The recently released album-monograph Leonid Pavlov, published by the Milan publishing house Electa Architecture with the support of Yuri Grigoryan's Project Meganom bureau, became the first large-scale study of the work of one of the best, if not the most interesting and uncompromising architect of post-war Soviet modernism. And on the other hand - a tribute to the memory of the daughter of the architect, Alexandra Pavlova, co-founder of Meganom, who in 2010 was one of the main organizers of a large exhibition dedicated to her father's work at the Museum of Architecture. The authors of the collective monograph: Liya Pavlova, Olga Kazakova, Anna Bronovitskaya - told Strelki magazine about their impressions of the work on the book and the result, while we asked Nikolai Lyzlov, an architect who is known for his interest in the architecture of Soviet modernism.
This is a good book?
- You know how Vladimir Ilyich Lenin said about Gorky's book "Mother" - this is a very timely book. A very good book, the right book, the first swallow. Correct format, correct edition. It is strange that it came out only now, and not ten years ago. But better late than never, because this is more than just a book about Pavlov. This, finally, is a normal, good book about everything that concerns a whole layer of Soviet modernism, this very SovMod. And it’s right, probably, that we started with Pavlov, because he is an ideal figure, an ideal representative of style. In a good way - such a monochrome architect, and besides, he all, without a trace fits into the period. We recently celebrated exactly sixty years of the decree that, figuratively speaking, opened the gates for Soviet modernism. This entire period until sunset, until the end of the Soviet era, is covered with the work of Pavlov.
And his last building became a kind of monument to all Soviet architecture - his wonderful Parthenon, the Lenin Museum in Gorki. So the book is correct, it should have been. It is a pity that, as always, awareness comes to us one step later than necessary. So it was with the Russian avant-garde - somehow we did it later, later than necessary. We do not appreciate what we have.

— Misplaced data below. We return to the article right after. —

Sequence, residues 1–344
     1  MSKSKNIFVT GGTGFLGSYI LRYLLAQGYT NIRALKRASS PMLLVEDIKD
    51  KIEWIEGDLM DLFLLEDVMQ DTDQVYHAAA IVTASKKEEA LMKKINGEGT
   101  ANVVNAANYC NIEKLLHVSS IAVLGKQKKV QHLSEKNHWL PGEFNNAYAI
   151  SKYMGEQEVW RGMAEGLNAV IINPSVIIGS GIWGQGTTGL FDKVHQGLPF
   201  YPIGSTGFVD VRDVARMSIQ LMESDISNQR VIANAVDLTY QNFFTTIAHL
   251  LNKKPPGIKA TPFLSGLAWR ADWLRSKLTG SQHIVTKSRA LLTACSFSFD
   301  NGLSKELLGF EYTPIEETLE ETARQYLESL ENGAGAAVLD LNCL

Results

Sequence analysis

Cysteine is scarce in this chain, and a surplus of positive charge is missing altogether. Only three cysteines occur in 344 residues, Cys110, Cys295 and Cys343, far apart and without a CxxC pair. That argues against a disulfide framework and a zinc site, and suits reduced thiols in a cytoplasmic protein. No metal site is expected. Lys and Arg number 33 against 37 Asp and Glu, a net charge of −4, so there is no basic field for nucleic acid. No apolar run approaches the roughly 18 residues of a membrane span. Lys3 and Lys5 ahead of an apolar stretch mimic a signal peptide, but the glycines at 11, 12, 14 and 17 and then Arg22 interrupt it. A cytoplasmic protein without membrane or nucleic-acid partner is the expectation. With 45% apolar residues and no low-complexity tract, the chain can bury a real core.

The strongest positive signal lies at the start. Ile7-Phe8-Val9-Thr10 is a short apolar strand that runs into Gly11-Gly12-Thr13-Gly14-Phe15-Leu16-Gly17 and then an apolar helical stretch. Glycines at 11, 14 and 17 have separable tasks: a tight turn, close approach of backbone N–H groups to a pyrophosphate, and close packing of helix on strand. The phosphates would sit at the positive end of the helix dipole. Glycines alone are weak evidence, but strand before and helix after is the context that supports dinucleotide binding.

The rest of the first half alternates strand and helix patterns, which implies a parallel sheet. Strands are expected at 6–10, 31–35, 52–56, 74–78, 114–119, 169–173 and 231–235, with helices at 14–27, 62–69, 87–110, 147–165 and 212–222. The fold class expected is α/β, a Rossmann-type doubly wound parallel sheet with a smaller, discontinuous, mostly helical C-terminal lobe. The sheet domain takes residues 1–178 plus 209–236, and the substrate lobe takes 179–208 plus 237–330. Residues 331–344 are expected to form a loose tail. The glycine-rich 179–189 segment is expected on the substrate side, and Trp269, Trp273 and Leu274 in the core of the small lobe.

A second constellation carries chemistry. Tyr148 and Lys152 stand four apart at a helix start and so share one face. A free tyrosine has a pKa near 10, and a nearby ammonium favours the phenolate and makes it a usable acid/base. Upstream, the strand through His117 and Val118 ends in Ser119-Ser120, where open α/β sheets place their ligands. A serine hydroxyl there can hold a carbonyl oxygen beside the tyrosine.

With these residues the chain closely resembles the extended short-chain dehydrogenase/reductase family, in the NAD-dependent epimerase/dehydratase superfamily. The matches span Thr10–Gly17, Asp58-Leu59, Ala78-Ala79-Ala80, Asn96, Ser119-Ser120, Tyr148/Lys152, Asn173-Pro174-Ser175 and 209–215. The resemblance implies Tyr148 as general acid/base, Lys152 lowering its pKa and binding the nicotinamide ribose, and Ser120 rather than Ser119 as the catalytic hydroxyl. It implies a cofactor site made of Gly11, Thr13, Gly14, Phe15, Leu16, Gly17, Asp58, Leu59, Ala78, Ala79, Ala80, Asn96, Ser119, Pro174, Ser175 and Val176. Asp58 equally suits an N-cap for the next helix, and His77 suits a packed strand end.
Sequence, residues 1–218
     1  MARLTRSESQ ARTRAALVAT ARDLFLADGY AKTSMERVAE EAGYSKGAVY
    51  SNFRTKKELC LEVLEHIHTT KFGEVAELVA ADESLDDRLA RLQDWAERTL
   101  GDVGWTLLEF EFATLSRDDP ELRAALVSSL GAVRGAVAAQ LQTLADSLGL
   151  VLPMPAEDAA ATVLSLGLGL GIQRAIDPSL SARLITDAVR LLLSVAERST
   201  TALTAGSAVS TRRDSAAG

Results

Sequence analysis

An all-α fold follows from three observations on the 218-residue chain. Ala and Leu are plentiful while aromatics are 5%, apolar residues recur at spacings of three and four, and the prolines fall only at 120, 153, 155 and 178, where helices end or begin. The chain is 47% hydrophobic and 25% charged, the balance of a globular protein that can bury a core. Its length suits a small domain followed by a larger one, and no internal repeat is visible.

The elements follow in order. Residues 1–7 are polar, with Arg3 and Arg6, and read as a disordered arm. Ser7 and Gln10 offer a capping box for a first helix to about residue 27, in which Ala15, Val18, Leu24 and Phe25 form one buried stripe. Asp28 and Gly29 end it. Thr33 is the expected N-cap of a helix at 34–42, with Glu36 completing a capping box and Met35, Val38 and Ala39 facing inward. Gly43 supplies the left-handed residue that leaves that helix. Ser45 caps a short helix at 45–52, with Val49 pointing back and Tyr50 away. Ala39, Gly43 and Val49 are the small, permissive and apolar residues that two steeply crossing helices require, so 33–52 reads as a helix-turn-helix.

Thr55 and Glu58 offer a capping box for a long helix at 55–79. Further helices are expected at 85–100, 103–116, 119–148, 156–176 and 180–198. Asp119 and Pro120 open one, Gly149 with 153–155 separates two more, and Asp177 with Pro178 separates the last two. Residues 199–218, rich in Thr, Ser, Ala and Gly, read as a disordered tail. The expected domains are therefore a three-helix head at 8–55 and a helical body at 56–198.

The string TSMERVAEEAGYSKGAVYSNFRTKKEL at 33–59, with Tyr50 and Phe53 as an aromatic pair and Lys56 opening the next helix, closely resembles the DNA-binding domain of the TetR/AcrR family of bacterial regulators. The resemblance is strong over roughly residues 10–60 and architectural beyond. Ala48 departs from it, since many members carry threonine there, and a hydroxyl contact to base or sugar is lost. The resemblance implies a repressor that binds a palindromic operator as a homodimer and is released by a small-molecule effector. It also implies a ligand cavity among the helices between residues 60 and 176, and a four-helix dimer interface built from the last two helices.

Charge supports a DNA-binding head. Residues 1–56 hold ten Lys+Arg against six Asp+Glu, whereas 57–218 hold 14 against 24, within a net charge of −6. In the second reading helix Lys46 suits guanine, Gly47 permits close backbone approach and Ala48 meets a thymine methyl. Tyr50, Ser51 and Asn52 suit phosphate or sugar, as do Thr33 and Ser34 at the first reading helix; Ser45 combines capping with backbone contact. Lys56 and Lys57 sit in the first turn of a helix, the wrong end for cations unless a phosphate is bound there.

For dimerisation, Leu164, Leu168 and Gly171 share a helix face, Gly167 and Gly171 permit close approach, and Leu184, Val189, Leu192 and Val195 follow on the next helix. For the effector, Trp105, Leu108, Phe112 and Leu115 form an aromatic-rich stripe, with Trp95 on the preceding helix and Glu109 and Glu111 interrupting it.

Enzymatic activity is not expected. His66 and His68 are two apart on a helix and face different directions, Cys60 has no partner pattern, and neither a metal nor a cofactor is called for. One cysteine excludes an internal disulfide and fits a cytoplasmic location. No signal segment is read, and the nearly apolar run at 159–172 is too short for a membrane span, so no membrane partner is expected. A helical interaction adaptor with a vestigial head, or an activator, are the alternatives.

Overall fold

That is, Pavlov is a key figure in Soviet modernism
- An iconic figure; generally speaking, there are a lot of them. There is a huge number of heroes, absolutely beautiful. You can't say - "best, worst" - or "first, second."
But Pavlov is universal in this sense. There is nothing in it to turn a blind eye to. His fate was so happy that he studied under Leonidov, and then, at the moment of our strange "Culture Two", he simply went to study again. And he studied again, but did not work in this genre. And he flew it so easily - just as Adenauer sat on his estate for the entire Hitler era, without spoiling his biography. So is Pavlov. As a result, he is absolutely sincere, absolutely whole, and this is very important. And the figure itself is great. It is also important that he was one of the few thinking, writing architects, speaking.
Do you remember there was an exhibition in the Museum of Architecture in 2010?
- Then the book should have come out. However, one cannot say that she was late, we are talking about eternity, and for her five to ten years do not matter …
What is your favorite Pavlov building?
- I really love Gorki Leninskiye. The Lenin Museum stands out from his work, as Pavlov himself said: he lived and built the Parthenon. This is a very ambiguous building. Pavlov in general is a man of meanings, very literary, among other things. In each of his works, he put a large number of some kind of encrypted ideas. It was important to him. In the building of the Lenin Museum, there are probably the most such meanings. As Pavlov himself is an iconic figure in the history of Soviet modernism, so the building itself is a landmark in the history of Pavlov himself. When he suddenly, being a modernist, made such an excuse for neoclassicism. And it's amazing how such flowers grow on modernist soil.
How do you, a convinced modernist, praise neoclassicism. In your opinion, can a modernist grow such flowers?
- It turns out that you can. It turns out that if talented, then there are no bad and good directions, as, indeed, in other types of arts.